Thursday, March 07, 2013
This month marks 10 years since the start of the American war in Iraq. In military operations alone, the war totaled over $800 billion and largely defined by America's counterinsurgency efforts in the region. General David Petraeus, who led American military operations in Iraq, was the main proponent of the ...
Wednesday, October 31, 2012
Thomas Ricks discusses the decline of American military leadership from World War II to Iraq. History has been kind to the American generals of World War II—Marshall, Eisenhower, Patton, and Bradley—and less kind to the generals of the wars that followed. He looks at why in his new book The Generals: American Military Command from World War II to Today.
Thursday, October 11, 2012
Traumatic brain injury is among the so-called invisible wounds of war, and in September, the Pentagon announced it is devoting $10 million to new efforts find better ways to treat and prevent mild traumatic brain injury and post-traumatic stress disorder among soldiers and veterans. Col. Jamie B. Grimes, National Director of the Defense and Veterans Brain Injury Center, and Dr. Ross Zafonte, Clinical and Research Leader for Traumatic Brain Injury at the Red Sox Foundation and Massachusetts General Hospital Home Base Program, discuss the effects of traumatic brain injury among soldiers and veterans and new research and treatment.
Tuesday, July 31, 2012
While President Obama has officially ended the War on Iraq and is in the process of withdrawing troops from Afghanistan, for many veterans the war is far from over. An estimated 350,000 veterans will return home with PTSD, making it difficult for them to readjust to civilian life.
Monday, July 16, 2012
Brian Castner served two tours of duty as the commander of an Explosive Ordnance Disposal unit in Iraq. He describes the nerve-racking yet exhilarating work of disarming the deadly improvised explosive devices—or picking up the pieces when the alert came too late. He also gives an account of returning home and facing the lonely battle against the enemy within—the haunting memories that will not fade, the survival instincts that will not switch off. His book The Long Walk: A Story of War and the Life that Followsexamines the toll war takes on the men and women who are fighting it.
Wednesday, July 04, 2012
Wednesday, July 04, 2012
When Marine Sergeant Christian Ellis returned home from Iraq, he joined the 2.2 million Americans living with post traumatic stress disorder. He suffered for years until a friend challenged him to transform his experiences into a work of art that might heal his wounds, and maybe others’ as well.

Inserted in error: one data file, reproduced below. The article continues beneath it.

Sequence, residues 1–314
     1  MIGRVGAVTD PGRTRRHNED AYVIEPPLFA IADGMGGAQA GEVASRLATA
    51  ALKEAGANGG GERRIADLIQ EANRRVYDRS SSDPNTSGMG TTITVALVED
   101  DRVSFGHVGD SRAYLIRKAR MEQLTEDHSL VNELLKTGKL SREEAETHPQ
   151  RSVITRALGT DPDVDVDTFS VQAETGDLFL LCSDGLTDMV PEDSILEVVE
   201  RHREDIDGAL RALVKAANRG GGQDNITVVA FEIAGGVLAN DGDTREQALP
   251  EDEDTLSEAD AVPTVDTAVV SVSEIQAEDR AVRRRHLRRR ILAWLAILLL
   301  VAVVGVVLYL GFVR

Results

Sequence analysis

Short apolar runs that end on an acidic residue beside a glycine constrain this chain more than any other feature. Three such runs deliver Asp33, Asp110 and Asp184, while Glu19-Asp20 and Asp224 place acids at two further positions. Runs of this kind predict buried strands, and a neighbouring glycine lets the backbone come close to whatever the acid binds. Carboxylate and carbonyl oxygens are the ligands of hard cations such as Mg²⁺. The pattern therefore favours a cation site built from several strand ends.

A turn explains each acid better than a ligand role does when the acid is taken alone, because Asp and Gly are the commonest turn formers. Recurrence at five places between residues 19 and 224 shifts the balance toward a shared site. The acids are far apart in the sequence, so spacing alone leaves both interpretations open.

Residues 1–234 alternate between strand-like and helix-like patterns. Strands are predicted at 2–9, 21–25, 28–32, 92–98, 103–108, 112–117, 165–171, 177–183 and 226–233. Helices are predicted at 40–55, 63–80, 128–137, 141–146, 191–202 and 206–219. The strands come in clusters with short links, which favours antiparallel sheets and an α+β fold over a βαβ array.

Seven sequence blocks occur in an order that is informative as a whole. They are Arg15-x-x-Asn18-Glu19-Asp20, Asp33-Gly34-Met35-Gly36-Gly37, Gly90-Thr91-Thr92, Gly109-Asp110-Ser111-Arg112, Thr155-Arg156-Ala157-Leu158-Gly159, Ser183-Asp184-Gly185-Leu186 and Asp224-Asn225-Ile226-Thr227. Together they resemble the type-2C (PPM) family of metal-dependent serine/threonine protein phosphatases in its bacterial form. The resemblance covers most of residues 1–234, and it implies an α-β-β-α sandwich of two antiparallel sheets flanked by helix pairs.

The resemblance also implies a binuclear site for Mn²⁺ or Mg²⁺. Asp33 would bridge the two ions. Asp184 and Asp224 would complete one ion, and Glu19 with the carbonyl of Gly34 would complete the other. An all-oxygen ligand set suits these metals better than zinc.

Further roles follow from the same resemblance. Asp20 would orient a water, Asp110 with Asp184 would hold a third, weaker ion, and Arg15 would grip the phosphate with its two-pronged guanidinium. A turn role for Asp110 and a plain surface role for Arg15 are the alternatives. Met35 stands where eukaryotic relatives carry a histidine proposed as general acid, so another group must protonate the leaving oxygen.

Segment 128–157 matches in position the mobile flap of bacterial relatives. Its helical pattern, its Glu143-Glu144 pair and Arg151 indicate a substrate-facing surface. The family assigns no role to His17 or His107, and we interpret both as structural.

Friday, May 25, 2012
As part of our End of War series, Paul Chappell, peace leadership director for the Nuclear Age Peace Foundation, Iraq War veteran, and author of Peaceful Revolution: How We Can Create the Future Needed for Humanity's Survival, discusses his own experience of war--and how that informs his ideas about how to get to peace.
Tuesday, May 15, 2012
This week, the New York Times reported that a multibillion-dollar police training program in Iraq intended to serve as the centerpiece of an expanded civilian mission in the country has all-but-failed. The program began in October and has already cost $500 million. Retired Lieutenant General Jim Dubik oversaw the training of Iraqi security forces from 2007-2008 and discusses the State Department's catastrophic missteps.
Friday, May 11, 2012
By Solomon Kleinsmith : IAFC Blogger
The charlatans in office, Obama and the Romney campaign included, are going out of their ways to make the economic futures of their kids significantly worse.
Monday, April 16, 2012
Monday, April 09, 2012
In Iraq, the Christian community continues to suffer from intimidation and threats of violence, and the number of Christians in the country has dropped drastically following the U.S. invasion nine years ago in 2003. Rami Ruhayem is a correspondent for our partner the BBC, who has found that even though the levels of violent attacks have dropped recently, there is still a climate of fear.
Thursday, March 29, 2012
By Paige Cowett : Associate Producer, News
Stanley Tucci’s blue hair, Elizabeth Banks’ pink eyelashes, and the brutal slaughter of young children could easily have distracted you from a quieter question at the center of dystopian future in The Hunger Games: who fights in wars and why do they volunteer to do it?
Wednesday, March 14, 2012
This Sunday marks three months since the last U.S. military convoy left Iraq. Few places were better witnesses of the effects of the war on citizens than Ibn Sina Hospital in Baghdad’s Green Zone, which is perhaps most familiar to Americans for its emergency room, known as Baghdad ER. Each day, the American-run Baghdad ER treated anyone who came to its door with life-threatening battle injuries. On October 1, 2009, the U.S. government returned management of the hospital to Iraq.
Thursday, March 01, 2012
By Caitlyn Kim
President Barack Obama and first lady Michelle Obama paid tribute to U.S. military members who served in Iraq by hosting a dinner Wednesday night. As the president explained, it was an opportunity “to express those simple words that we can never say enough: thank you.”
Tuesday, February 21, 2012
The Oscar-nominated documentary Incident in New Baghdad recounts the 2007 killings of two Reuters reporters by US attack helicopters, footage of which was released by WikiLeaks in 2010. Director Jim Spione [spee-OWN] joins The Takeaway to discuss his film.